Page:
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Army gets heartbreaking answers to the question, "How did service affect you?"



  Veterans march on the streets on May 27, 2019 during the 152nd Memorial Day Parade in New York's Brooklyn neighborhood.

Veterans march on the streets on May 27, 2019 during the parade on 152nd Memorial Day in the New York City district of Brooklyn.

JOHANNES EISELE / Getty Images

Just before the Memorial Day weekend, the army sent a question to their Twitter followers: " How did service affect you? " Pfc. Nathan Spencer a scout of the First Infantry Division of the Army. "To serve something bigger than me," says Spencer in the video. "The army has given me the opportunity to do just that, to give to others, to protect the ones I love, and to improve myself as a man and a warrior." The army probably hoped for news in this sense, and it became you. But among the people who are proud of their ministry, many others report a much darker reality in military life, including stories of post-traumatic stress disorder, other health problems, and sexual assault, just to name a few.

"I'm a Navy veterinarian, I was a happy person before I served, now I'm broken I can not because of anxiety and depression work full 30 days. Jeffrey Scott wrote . "I have constant pain every day. And I think about killing myself every day. "

Another answered the Army question by referring to the " Combat Cocktail" which also included "PTSD, Severe Depression, Anxiety states "belong. Insulation. Suicide attempts. Infinite rage. "The service has cost me my relationship with my eldest son and grandson," he added.

A Twitter user who identified herself as Karen responded to the Army Tweet and said she had her virginity lost. "At age 19, he was raped by peers and then married a nice guy who was part of my unit. After the invasion of Iraq, however, he came home as a "changed man, who beat the shit out of me. "

Karen was one of many women who investigated cases of harassment and maltreatment in detail the military. Another woman wrote that she was " attacked by one of my superiors ." She reported about him, "but nothing happened to him. Nothing. A year later stole a laptop and was then downgraded. I am worth less than a laptop. "Another woman wrote that she suffered from" PTSD, depression, anxiety, nightmares " because during my service sexual harassment was committed for which no one was held accountable. "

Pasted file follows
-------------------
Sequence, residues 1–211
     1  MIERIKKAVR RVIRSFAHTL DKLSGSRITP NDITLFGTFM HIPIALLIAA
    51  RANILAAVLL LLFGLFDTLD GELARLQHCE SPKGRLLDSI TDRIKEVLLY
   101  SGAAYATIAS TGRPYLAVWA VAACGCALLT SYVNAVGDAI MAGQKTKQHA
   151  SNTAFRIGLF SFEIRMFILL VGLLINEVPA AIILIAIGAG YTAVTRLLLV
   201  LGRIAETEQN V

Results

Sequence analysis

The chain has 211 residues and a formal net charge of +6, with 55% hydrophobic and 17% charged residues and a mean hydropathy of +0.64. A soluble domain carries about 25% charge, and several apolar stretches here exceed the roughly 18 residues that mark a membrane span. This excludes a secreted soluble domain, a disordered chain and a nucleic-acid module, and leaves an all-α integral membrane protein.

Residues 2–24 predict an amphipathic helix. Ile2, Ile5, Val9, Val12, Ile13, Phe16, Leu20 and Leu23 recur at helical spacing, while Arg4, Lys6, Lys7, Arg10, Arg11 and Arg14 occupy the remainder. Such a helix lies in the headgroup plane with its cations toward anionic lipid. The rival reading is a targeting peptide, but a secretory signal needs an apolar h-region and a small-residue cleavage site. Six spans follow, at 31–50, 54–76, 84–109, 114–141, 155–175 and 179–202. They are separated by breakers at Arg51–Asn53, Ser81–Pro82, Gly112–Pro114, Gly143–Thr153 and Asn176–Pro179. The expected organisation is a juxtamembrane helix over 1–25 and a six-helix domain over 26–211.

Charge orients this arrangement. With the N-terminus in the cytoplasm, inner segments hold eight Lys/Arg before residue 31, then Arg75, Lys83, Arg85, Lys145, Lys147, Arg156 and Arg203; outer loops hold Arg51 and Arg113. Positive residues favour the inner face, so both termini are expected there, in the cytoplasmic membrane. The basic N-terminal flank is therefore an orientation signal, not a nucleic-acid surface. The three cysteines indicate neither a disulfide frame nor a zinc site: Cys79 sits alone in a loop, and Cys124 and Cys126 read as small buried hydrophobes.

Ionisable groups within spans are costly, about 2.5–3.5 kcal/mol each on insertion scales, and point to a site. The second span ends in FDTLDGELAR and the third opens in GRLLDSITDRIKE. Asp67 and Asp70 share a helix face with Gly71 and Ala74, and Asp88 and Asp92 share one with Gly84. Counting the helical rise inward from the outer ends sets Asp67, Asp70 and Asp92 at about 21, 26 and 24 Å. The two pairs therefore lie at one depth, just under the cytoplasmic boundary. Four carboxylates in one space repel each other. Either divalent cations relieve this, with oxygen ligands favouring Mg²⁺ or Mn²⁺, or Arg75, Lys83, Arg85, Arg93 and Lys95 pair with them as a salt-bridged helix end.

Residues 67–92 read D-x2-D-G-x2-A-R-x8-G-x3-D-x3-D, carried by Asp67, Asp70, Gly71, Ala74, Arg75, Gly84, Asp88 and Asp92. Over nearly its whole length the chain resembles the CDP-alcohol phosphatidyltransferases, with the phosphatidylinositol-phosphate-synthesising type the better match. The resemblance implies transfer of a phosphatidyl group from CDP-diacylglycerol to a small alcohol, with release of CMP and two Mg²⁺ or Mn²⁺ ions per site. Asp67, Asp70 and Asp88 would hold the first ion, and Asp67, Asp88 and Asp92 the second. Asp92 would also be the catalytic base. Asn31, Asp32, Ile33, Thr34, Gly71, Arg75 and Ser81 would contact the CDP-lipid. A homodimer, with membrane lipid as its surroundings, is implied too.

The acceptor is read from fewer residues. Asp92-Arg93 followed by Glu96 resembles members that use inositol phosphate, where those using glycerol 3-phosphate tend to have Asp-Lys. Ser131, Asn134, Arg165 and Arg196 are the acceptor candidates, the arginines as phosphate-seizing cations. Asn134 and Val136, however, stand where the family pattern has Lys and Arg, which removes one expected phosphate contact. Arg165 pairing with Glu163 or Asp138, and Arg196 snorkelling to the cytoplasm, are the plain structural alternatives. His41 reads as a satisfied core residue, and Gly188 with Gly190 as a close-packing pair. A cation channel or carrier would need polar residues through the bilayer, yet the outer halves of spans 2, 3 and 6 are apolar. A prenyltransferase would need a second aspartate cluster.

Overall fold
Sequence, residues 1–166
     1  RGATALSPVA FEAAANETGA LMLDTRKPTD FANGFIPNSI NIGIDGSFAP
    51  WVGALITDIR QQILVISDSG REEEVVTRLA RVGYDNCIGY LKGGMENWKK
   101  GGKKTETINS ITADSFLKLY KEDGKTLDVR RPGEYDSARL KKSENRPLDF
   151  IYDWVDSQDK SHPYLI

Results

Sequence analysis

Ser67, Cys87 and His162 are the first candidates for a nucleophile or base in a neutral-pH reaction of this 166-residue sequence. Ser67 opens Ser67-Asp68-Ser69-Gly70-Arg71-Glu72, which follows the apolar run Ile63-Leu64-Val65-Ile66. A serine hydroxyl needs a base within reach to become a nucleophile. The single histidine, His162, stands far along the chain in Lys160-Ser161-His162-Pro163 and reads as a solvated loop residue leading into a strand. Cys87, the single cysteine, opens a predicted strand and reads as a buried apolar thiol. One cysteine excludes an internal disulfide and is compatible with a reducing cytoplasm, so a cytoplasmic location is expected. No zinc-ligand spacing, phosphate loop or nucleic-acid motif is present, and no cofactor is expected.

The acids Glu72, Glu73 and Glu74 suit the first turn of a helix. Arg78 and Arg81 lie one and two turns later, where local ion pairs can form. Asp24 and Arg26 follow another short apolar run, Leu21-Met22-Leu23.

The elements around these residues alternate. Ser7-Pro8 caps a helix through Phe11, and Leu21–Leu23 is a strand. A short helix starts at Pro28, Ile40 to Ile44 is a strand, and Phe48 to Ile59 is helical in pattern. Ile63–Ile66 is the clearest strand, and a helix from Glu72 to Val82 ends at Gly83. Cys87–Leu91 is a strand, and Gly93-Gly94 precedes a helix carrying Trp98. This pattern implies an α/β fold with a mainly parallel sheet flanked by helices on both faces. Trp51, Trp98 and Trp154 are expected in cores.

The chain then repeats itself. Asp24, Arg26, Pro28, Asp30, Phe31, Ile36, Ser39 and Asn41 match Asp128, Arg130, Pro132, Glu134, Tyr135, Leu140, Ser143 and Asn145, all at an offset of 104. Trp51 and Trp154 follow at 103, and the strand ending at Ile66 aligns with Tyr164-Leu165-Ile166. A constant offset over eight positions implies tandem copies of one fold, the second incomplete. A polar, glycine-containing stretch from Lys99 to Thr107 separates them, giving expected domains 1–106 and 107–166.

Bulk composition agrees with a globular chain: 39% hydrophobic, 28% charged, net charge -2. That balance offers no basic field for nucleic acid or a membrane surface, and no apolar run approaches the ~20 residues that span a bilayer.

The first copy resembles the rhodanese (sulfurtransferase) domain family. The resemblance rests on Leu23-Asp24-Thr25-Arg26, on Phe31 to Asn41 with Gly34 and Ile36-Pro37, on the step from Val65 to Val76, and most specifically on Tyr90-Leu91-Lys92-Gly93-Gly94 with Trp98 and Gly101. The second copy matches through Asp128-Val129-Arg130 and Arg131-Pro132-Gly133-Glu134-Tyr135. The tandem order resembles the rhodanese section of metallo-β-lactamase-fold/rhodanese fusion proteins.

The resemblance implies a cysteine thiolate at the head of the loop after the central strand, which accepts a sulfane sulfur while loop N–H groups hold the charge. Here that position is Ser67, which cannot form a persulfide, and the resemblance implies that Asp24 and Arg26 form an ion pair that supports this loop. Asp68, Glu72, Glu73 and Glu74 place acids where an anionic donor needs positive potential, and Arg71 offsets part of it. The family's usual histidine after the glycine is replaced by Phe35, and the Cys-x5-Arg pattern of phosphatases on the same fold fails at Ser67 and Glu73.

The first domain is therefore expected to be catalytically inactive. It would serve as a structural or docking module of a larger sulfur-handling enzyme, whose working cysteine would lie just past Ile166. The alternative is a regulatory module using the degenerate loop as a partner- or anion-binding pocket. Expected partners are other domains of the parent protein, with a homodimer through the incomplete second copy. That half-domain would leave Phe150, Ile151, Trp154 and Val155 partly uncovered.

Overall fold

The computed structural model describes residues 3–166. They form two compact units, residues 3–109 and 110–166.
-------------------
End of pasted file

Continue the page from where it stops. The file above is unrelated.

Some wrote about how their loved ones deteriorated after the impact. One mother said she was "proud" when her son signed up for duty. "This young man, who has his whole life before him, is now mentally and emotionally broken beyond recognition, and the army is not helpful," she wrote . Another person wrote in the name of her friend : "My sweet friend David can not answer you, he killed himself after a few Afghanistan tours a few years ago." Nathan wrote about how he treated his mother " after her tour in Aghanistan, with a knife in the closet, "and how fireworks still scares her." I was impressed because my mother is mentally never the same again, "he wrote," so thanks for that. "

Although many characterized the responses to the tweet as failing social media for the army, others disagreed. "Some say that this thread has a backfired effect, but this is just the thread that is needed on every day of remembrance to remind us of the victims, the military members and their families, and how we as the country understand the true cost of the service and improve our support. " Mike Schmidt wrote .

The Army thanked all those who had contributed their story to the thread . "Since we honor those who made the last sacrifice this weekend by thinking of their ministry, we are also aware that we have to take care of those who have come home with scars we do not wrote .


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